assumptions as made in case of plate clutch are valid in respect of pressure. It

may be either a uniform pressure between the contact surfaces or a uniform

wear of contact surfaces.

Even though a cone clutch is compact in size and need a less strong spring to

maintain contact, compared to a plate clutch of same capacity, it is not much

preferable because of the Examples caused by effect of wear on cone surface.

Firstly a small amount of wear affects the perfect fit between the cone and the

cup and it requires a considerable axial movement. Secondly for smaller cone

angle (less than 100) the cup and cone lock together and becomes difficult to

draw out or disengage.

2.5. CENTRIFUGAL CLUTCH

Majority of small engines such as squirrel cage motor, lawn mowers, chainsaws,

go-karts uses centrifugal clutch.

It engages automatically when the shaft speed exceeds a certain

magnitude.Fig.2.9 depicts a spring controlled centrifugal clutch. It comprises

two or more friction shoes that, when the driving shaft on which they are

mounted has reached a certain speed, overcome the force of restraining springs

by the action of centrifugal force and move outwards to press against the inner

surface of the rim mounted on the driven shaft. In this way, the transmission of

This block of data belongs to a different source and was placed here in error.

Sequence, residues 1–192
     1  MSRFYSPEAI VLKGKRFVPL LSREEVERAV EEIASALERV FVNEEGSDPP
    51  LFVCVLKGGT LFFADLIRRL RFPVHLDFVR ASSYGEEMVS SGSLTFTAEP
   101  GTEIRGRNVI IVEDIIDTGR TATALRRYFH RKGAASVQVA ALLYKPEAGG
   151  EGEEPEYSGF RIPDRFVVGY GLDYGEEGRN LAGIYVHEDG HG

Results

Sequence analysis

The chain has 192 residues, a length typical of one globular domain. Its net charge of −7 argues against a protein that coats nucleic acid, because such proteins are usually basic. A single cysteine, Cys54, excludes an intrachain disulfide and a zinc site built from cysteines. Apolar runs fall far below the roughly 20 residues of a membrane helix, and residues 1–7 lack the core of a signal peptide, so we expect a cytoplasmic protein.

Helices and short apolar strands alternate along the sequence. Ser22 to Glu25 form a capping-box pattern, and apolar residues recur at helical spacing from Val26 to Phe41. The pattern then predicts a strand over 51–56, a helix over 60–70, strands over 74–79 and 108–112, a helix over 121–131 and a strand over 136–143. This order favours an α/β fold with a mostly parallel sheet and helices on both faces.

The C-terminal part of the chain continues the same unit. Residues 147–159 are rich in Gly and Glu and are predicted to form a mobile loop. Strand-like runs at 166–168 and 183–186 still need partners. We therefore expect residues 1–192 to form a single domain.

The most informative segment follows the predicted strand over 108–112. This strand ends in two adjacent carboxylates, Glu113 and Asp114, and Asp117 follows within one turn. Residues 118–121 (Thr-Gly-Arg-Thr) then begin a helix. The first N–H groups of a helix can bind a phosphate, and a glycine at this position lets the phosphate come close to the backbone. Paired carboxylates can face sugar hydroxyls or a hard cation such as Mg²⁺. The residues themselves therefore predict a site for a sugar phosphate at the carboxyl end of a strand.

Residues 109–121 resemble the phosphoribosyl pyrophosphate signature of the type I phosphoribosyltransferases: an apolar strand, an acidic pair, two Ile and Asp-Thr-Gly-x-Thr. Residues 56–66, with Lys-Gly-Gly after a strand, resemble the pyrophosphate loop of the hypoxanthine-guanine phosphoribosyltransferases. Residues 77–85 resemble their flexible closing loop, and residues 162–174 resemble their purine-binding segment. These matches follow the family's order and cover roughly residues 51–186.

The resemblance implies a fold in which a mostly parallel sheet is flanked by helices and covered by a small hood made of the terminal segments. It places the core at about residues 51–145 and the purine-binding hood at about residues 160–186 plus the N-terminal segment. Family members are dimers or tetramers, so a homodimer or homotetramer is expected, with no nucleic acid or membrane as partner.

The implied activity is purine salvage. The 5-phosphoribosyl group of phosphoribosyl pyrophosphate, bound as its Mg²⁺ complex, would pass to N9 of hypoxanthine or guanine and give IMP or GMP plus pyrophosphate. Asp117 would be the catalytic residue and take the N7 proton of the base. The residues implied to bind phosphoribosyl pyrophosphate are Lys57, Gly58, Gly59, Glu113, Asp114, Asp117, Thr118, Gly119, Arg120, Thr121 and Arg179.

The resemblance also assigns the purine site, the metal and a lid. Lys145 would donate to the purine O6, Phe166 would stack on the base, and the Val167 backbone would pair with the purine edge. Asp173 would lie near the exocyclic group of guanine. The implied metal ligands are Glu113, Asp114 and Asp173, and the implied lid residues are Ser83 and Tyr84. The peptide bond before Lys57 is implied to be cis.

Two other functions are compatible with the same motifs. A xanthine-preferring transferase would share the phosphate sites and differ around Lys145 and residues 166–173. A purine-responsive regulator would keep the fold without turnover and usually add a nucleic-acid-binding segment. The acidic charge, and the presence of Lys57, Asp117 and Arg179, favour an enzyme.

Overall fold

power to the driven shaft is gradually and automatically increased, so that

smooth engagement is possible.

If W be the weight of the shoe and r be the radius of the center of gravity

from the axis of rotation and N be the speed of the driver in rpm, then

centrifugal force F is given by:

F = r2

If P be the spring force provided by restraining springs opposing the centrifugal

force, the radial force between shoe and pulley is:

F P = r2

2-16

If R be the internal radius of the pulley; n be the number of shoes; and the

coefficient of friction between the shoe and the drum, then the torque

transmitted:

The maximum torque transmitted, T = nR r2 P = A2 P .Where A is

constant for a given centrifugal clutch.

2.6. BRAKES

The basic function of a brake is to absorb kinetic energy and dissipate it in the

form of heat. An idea of the magnitude of energy that must be dissipated can be

obtained from considering the familiar example of a car undergoing an

emergency stop in 7 s from 60 mph (96 km/h). If the cars mass is 1400 kg and